Jeff from CelticsBlog: Both GMs have gone out of their way to state that they made the best deal available to them. Nobody else had Al Jefferson or anyone like him available for trade. Nobody else had Theo Ratliff's contract and the TWolves draft pick to give back to them. There were pretty good deals out there, like the Golden State deal that reportedly fell through on draft night. But the best fit was always Boston and both sides knew it. It was just a matter of getting KG to get excited about it and that didn't happen until the Ray Allen deal happened.
With all that said, nothing happens in a vacuum either. It would be naive to think that the relationship Danny and Kevin have didn't play some part in this. There's a certain amount of trust that is shared between those two that they probably don't have around the league.
Playing into the perception has to be the GM's reputations. McHale was slapped hard for his wink, wink deal with Joe Smith. The NBA has had to create new trading rules because of some of the things Ainge has pulled off. Remember when he traded Gary Payton and wound up resigning him a month later? You can't do that anymore.
I will stop well short of saying there was any kind of collusion involved. However, when you have a deal as complex and multi-faceted as the Kevin Garnett deal, you need to be able to trust that the guy on the other side is going to give you a fair shake and not make you look foolish. I think that's what Danny and Kevin had.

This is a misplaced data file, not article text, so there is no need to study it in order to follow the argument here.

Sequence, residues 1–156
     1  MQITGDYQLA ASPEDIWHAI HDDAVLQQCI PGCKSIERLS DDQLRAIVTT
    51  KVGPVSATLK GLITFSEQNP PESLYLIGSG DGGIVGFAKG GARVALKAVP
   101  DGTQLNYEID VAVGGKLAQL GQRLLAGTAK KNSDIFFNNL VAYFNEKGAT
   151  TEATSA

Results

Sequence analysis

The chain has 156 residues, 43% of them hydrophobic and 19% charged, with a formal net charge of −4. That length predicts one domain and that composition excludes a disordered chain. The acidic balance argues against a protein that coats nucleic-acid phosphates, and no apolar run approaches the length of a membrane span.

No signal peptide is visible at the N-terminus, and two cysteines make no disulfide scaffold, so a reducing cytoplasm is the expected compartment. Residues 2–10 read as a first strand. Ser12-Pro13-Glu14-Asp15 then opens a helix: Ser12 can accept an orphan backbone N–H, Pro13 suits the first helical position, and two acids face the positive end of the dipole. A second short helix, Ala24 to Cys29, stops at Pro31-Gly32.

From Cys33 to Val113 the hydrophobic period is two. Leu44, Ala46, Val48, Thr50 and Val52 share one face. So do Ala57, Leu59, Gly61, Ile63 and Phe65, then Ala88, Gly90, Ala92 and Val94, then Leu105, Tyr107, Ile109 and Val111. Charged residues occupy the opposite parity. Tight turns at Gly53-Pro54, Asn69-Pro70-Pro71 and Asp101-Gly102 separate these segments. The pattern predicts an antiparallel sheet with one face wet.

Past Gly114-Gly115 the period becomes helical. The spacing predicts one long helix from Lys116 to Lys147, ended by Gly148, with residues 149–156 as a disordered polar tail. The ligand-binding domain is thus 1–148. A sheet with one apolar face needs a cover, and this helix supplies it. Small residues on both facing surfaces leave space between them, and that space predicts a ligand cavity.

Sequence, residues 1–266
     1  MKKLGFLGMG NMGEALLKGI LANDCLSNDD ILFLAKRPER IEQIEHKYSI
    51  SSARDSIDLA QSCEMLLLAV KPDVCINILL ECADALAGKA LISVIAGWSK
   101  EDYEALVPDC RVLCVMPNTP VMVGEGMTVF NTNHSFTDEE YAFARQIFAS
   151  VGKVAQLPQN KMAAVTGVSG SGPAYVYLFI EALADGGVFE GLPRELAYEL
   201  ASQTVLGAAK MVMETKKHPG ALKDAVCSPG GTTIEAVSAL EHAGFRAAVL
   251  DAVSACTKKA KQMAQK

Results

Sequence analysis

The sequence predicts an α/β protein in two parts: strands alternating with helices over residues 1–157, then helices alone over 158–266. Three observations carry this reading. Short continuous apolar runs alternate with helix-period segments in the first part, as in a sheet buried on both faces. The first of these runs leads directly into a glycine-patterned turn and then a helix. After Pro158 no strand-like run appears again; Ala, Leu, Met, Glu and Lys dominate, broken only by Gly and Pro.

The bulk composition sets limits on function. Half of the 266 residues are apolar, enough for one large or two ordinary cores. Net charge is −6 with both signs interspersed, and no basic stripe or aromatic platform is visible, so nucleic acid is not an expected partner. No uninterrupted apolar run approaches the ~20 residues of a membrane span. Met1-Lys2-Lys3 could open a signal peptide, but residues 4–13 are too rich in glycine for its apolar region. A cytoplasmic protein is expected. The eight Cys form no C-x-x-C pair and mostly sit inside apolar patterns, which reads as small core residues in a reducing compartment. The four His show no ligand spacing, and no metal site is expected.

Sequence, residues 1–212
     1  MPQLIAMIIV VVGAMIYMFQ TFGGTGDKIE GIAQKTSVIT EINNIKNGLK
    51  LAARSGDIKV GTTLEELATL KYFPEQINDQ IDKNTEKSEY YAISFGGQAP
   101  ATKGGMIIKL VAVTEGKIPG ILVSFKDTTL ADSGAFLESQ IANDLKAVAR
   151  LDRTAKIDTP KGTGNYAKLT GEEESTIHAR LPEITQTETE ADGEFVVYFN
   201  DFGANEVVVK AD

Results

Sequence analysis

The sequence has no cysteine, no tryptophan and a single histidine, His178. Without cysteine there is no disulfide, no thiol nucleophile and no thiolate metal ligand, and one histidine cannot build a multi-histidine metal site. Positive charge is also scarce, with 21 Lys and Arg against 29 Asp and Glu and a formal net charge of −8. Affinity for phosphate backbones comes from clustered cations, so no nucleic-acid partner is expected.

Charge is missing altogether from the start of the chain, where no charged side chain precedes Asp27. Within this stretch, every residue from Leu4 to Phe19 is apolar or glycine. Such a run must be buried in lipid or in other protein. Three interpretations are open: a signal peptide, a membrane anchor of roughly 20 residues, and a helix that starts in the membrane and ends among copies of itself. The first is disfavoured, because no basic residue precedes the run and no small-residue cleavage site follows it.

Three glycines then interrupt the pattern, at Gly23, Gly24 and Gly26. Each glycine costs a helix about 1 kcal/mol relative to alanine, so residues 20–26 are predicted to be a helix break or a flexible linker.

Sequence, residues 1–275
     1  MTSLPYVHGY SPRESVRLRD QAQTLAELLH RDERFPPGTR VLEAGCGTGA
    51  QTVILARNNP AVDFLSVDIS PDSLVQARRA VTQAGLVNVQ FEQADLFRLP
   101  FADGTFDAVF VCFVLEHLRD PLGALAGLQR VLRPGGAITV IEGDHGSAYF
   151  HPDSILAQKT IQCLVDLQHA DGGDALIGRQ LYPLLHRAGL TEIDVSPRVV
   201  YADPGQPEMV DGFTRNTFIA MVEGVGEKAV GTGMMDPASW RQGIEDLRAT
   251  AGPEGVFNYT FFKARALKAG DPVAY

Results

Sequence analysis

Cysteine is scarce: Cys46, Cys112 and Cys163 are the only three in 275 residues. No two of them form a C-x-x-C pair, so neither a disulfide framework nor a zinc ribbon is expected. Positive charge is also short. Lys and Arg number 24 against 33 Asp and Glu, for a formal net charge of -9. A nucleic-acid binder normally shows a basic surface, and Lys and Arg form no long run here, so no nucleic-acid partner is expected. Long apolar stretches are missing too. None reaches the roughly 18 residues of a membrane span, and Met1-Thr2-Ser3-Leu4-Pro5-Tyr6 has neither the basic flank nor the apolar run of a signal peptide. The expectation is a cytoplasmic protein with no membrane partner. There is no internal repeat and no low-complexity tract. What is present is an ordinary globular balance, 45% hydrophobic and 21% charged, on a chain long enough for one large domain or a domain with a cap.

Golden State of Mind: The Western Conference elite include the San Antonio Spurs, Phoenix Suns, and Dallas Mavericks. The Houston Rockets, Denver Nuggets, and Utah Jazz are a few notches below that trio, but by the end of the season could rank just as high. How do you rate the Boston Celtics, arguably the Eastern Conference's top 1 or 2 team, among those Western Conference powers?
Jeff from CelticsBlog: This is a lot easier to answer now that they have finally lost a game. This is a very, very strong team and they have come together very quickly. With that said, they just don't have the years of experience playing with each other that those Western powers do.
I like your description of that group that is a notch or two below the top 3. By the end of the season any of them could be right there, especially if one of the top teams slips. I think the same goes for the Celtics. They are one of the few teams in the East that has a legit shot at growing together over the course of the year and coming out with a legit shot at the title.
It is worth noting too that the Celtics probably have a better shot at it than Houston, Denver, or Utah, because they only have to play one Western team, and in a 7 game series, anything can happen.
Just wanted to thank Jeff for his great insights on the Celtics. Today's game should be a fun one. Maybe we can persuade KG that he should've come to the Bay instead of helping making the Boston Three Party happen- okay, probably not.
Also see: Q&A With Golden State of Mind over at CelticsBlog.com